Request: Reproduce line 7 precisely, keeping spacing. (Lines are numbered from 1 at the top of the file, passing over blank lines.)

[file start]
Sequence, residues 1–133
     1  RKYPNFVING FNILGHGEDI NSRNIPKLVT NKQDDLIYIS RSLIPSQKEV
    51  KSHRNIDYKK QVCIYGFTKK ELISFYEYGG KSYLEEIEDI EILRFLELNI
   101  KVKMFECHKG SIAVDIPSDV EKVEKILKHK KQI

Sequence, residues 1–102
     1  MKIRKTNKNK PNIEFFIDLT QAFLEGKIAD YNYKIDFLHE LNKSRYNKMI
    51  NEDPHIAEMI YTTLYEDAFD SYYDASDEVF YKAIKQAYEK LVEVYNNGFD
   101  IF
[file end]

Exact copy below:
    51  NEDPHIAEMI YTTLYEDAFD SYYDASDEVF YKAIKQAYEK LVEVYNNGFD